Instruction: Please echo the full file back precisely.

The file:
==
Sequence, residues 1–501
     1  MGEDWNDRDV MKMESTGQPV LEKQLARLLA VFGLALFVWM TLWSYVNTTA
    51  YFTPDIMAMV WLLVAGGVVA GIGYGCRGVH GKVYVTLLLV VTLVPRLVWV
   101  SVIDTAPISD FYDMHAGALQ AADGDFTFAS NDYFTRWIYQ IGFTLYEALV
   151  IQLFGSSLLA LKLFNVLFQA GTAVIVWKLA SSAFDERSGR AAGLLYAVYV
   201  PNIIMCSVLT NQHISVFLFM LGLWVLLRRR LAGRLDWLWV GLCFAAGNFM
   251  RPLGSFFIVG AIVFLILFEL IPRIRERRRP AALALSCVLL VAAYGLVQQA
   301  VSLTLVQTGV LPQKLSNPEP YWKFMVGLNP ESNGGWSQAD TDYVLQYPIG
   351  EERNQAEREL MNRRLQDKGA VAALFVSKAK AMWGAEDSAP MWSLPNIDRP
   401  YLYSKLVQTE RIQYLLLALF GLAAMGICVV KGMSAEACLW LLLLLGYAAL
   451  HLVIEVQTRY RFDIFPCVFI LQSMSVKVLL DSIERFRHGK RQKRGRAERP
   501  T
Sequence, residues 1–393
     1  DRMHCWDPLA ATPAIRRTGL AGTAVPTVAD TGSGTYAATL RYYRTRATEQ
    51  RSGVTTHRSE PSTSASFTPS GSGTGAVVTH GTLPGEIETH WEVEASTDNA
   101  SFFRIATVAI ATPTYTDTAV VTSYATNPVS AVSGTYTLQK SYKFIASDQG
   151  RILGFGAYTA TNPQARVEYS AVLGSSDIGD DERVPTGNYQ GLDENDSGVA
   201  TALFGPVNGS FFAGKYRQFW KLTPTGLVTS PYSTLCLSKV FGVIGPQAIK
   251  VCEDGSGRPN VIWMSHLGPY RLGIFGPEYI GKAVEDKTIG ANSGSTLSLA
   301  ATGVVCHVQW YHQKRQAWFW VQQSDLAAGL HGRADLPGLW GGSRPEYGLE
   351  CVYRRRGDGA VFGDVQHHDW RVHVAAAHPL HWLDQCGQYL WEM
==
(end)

Sequence, residues 1–501
     1  MGEDWNDRDV MKMESTGQPV LEKQLARLLA VFGLALFVWM TLWSYVNTTA
    51  YFTPDIMAMV WLLVAGGVVA GIGYGCRGVH GKVYVTLLLV VTLVPRLVWV
   101  SVIDTAPISD FYDMHAGALQ AADGDFTFAS NDYFTRWIYQ IGFTLYEALV
   151  IQLFGSSLLA LKLFNVLFQA GTAVIVWKLA SSAFDERSGR AAGLLYAVYV
   201  PNIIMCSVLT NQHISVFLFM LGLWVLLRRR LAGRLDWLWV GLCFAAGNFM
   251  RPLGSFFIVG AIVFLILFEL IPRIRERRRP AALALSCVLL VAAYGLVQQA
   301  VSLTLVQTGV LPQKLSNPEP YWKFMVGLNP ESNGGWSQAD TDYVLQYPIG
   351  EERNQAEREL MNRRLQDKGA VAALFVSKAK AMWGAEDSAP MWSLPNIDRP
   401  YLYSKLVQTE RIQYLLLALF GLAAMGICVV KGMSAEACLW LLLLLGYAAL
   451  HLVIEVQTRY RFDIFPCVFI LQSMSVKVLL DSIERFRHGK RQKRGRAERP
   501  T
Sequence, residues 1–393
     1  DRMHCWDPLA ATPAIRRTGL AGTAVPTVAD TGSGTYAATL RYYRTRATEQ
    51  RSGVTTHRSE PSTSASFTPS GSGTGAVVTH GTLPGEIETH WEVEASTDNA
   101  SFFRIATVAI ATPTYTDTAV VTSYATNPVS AVSGTYTLQK SYKFIASDQG
   151  RILGFGAYTA TNPQARVEYS AVLGSSDIGD DERVPTGNYQ GLDENDSGVA
   201  TALFGPVNGS FFAGKYRQFW KLTPTGLVTS PYSTLCLSKV FGVIGPQAIK
   251  VCEDGSGRPN VIWMSHLGPY RLGIFGPEYI GKAVEDKTIG ANSGSTLSLA
   301  ATGVVCHVQW YHQKRQAWFW VQQSDLAAGL HGRADLPGLW GGSRPEYGLE
   351  CVYRRRGDGA VFGDVQHHDW RVHVAAAHPL HWLDQCGQYL WEM